Thursday, December 20th, two members of US Congress introduced a bill that would exclude cryptocurrencies from the definition of security. If approved, this would totally change the SEC’s regulation on the definition of securities.
This “Token Taxonomy Act“, proposed by Warren Davidson, R-Ohio and Darren Soto, D-Fla, defines the meaning of digital tokens and clarifies once and for all that the regulation of securities should not and cannot be applied to crypto, especially decentralised ones.
“In the early days of the internet, Congress passed legislation that provided certainty and resisted the temptation to over-regulate the market. Our intent is to achieve a similar win for America’s economy and for American leadership in this innovative space.”
The definition of security
In 1946, the SEC created what is now known as the Howey Test, which defined under what circumstances to consider an asset as security or not.
The definition can be translated into an “investment contract” that exists in the case a person “invests his money in a common enterprise and is led to expect profits solely from the efforts of the promoter or a third party“.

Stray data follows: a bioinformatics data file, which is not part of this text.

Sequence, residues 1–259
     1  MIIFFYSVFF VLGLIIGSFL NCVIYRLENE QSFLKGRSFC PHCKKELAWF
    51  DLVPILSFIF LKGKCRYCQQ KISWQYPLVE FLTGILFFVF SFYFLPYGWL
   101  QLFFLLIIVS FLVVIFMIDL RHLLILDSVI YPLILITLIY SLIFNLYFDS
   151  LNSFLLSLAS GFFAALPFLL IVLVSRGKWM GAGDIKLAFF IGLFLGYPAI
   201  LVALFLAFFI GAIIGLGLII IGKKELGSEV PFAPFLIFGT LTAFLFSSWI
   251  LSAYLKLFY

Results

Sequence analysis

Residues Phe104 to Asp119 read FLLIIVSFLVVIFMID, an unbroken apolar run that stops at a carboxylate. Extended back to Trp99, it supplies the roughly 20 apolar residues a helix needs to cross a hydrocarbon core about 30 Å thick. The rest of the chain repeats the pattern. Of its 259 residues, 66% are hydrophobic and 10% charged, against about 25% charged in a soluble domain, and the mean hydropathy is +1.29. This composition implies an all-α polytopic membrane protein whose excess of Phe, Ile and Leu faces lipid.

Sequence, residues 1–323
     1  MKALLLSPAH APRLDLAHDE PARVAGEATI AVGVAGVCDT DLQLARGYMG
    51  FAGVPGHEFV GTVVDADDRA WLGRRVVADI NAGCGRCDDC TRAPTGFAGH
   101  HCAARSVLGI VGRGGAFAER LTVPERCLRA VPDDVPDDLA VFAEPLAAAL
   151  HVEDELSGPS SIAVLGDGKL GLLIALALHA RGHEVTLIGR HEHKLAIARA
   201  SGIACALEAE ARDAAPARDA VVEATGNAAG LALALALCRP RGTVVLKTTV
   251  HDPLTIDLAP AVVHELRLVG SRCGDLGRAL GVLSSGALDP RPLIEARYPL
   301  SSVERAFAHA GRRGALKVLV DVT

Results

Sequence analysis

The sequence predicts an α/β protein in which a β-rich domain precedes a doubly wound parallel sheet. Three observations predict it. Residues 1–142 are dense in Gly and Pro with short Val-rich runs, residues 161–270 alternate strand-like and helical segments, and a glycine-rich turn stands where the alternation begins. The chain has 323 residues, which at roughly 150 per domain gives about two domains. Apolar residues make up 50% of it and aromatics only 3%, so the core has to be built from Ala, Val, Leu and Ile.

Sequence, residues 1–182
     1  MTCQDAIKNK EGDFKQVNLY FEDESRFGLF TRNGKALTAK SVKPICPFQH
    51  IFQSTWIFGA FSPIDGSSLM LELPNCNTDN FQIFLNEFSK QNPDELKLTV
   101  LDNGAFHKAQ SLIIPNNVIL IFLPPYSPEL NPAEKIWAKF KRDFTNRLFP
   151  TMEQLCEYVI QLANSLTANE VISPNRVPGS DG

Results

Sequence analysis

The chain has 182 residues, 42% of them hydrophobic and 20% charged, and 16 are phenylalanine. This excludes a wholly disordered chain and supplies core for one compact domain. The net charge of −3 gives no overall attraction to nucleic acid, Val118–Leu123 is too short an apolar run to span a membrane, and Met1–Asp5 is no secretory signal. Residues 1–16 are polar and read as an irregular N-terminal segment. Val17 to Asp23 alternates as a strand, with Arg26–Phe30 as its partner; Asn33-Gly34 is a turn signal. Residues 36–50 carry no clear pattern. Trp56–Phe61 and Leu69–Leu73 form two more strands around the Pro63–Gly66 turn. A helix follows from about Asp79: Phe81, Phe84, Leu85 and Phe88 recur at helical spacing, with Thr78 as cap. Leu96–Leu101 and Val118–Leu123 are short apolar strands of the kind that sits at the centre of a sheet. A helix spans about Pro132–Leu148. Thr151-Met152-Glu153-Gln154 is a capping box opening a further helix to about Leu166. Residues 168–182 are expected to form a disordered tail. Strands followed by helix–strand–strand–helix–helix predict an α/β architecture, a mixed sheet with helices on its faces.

Cryptocurrencies – for their design – do not need intermediaries in most cases and can be traded without a central body like the Nasdaq in the case of the stock exchange. This makes the definition of security inapplicable, which instead makes explicit reference to the presence of a promoter and a third party involved.
“These decentralised networks don’t fit neatly within the existing regulatory structure,” said Kristin Smith, head of the Blockchain Association. “This is a step forward in finding the right way to regulate them”.
Security, utility or payment tokens?
In the world, and even within America itself, it is not yet clear what definition cryptocurrencies should be given in general.
In June, SEC President Jay Clayton announced his intention of not wanting to modify the standards in order to adapt them to the crypto world.
At the same time, however, another member of the SEC stated by saying that neither bitcoin (BTC) nor ethereum (ETH) are securities because of their decentralised nature. On the contrary, ICOs could still be defined as such.
So, while the SEC has said its own, it is now the turn of Congress to actually have the power to amend this 72-year-old law.
If the bill passed, Smith explained that it would not mean that crypto would not be regulated, but that it would probably come under the direct control of the Federal Trade Commission or the CFTC.
This proposal would also reflect on the taxation of cryptocurrencies, creating an exemption for any capital gains.
Probably, even ICOs will not be defined as securities, because of the “utility” of some tokens: consequently, they could be defined as commodities instead and therefore regulated by the CFTC.